How govt wants to put LPG subsidy money in your pocket

Transferring LPG subsidy directly into consumer’s Aadhaar-linked bank account is expected to help save Rs 4,000 crore a year


Pratap Vikram Singh | October 18, 2013

As the government mandates sale of LPG cylinders at market prices across the country in a phased manner, it has put the responsibility of availing cash subsidy on consumers. A consumer will have to provide her Aadhaar number to oil marketing companies (OMCs) and banks to get the subsidy. For the transfer of cash benefit under welfare schemes, however, the onus will be on the district administration.

The government wants to put the subsidy for LPG and cash benefits of 28 welfare schemes directly into the pockets of beneficiaries. The ministries of finance (departments of financial services and expenditure) and petroleum are working intensively to resolve issues related to integration of Aadhaar, banking system and beneficiary databases.  

In a group of 20 districts, where the direct benefits transfer for LPG (or simply DBT-L) was introduced on July 1, the cylinders are now being sold at market prices. So far 25 lakh of the total 73 lakh consumers have been credited the subsidy due to them into in their bank accounts. “A total of Rs 271 crore has been transferred till now,” says S Sundareshan, mission director, direct benefits transfer (DBT). 

ALSO READ: Game has changed: DBT rollout will be messier

Another 25 lakh consumers in these districts have already been enrolled for the DBT-L and will start receiving the payment as they make their first booking. All these consumers have been made cash transfer compliant (CTC), which means that their Aadhaar numbers have been linked to the database of the OMCs and banks. The fate, however, of the remaining 23 lakh consumers is unclear as they haven’t provided their Aadhaar number either to the OMCs or banks, and have to buy the LPG cylinder at the market price.

Of course, the supreme court ruling of September 23, underlining the volunary  nature of Aadhaar, and the government response to it will make the DBT rollout even more complicated (see box, ‘Game has changed: DBT rollout will be messier’).

The government, however, does not seem to be worried. Sundareshan said at a media briefing on September 10 that about half of the 23 lakh consumers could be those from the well-off category and might have voluntarily chosen to not apply for subsidy. “Some of them might also have duplicate cards and hence would be afraid of getting caught,” he added. “As of now we haven’t received any complaints or media reports about genuine beneficiaries being left out of the DBT-L.”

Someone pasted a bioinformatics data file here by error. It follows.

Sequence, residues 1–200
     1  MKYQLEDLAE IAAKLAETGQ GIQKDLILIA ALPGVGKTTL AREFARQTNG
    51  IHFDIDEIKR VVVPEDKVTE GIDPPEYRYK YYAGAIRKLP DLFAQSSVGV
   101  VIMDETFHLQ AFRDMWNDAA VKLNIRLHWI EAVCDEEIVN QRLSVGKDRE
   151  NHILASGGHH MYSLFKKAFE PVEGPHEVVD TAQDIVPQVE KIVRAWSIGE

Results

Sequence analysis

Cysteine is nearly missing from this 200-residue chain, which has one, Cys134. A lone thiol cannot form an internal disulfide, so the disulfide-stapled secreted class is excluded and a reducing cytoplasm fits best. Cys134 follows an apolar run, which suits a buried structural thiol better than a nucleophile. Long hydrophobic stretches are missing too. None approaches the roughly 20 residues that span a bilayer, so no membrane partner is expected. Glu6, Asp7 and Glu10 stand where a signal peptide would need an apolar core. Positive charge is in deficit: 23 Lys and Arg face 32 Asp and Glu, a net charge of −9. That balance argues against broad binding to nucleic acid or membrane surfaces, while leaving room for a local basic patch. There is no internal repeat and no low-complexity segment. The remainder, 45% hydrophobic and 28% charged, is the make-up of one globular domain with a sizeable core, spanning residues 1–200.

According to the Unique Identification Authority of India (UIDAI), the districts selected have 96 percent Aadhaar coverage. Basing his observation on the substantial number of people who have not come forward for DBT-L in 20 districts, Sundareshan says that across India this could lead to 10-12 percent of savings, which could be to the tune of Rs 4,000 crore. There are 14 crore LPG consumers and the government spends roughly Rs 40,000 crore in LPG subsidy annually.

As the DBT is scaled to 289 districts – covering almost half of the country – in a phased manner, the consumers will have to ensure that their Aadhaar number is seeded in the banks’ and OMCs’ database within three months. “The onus lies on consumers to provide their Aadhaar to banks and to the OMCs,” says Neeraj Mittal, joint secretary, ministry of petroleum and natural gas. 


Though the cabinet committee on economic affairs (CCEA) decided to extend the DBT-L to 289 districts, the initiative faces several challenges. For one, Aadhaar generation is slow in those states where the national population register (NPR) is collecting biometrics. This also hampers the process of linking Aadhaar with bank accounts.

“The UIDAI has evolved a mechanism in which the Aadhaar number of the beneficiaries under the DBT-L and DBT will be done on a priority basis in both groups of states covered by the authority and NPR,” says AP Singh, deputy director general, UIDAI.

The progress on direct transfer of benefits on 28 schemes, which mainly relate to pensions and scholarships, has been uneven. So far 121 districts have been covered and an amount of Rs 234 crore has been transferred. [Putting together DBT and DBT-L, the government has disbursed Rs 480 crore.] But only Rs 64 crore has been routed through the Aadhaar payment bridge.

According to UIDAI officials, only 10 percent of the beneficiaries in 121 districts are CTC compliant. Given the state of affairs, the government has wisely decided to put the onus of transferring cash benefit to the eligible citizens on the district administration. The local administration, and not the beneficiaries, will have to ensure the linking of Aadhaar number with welfare schemes and the databases of banks. The slow pace of Aadhaar seeding of bank database had emerged as a major challenge in the DBT-L and DBT rollout.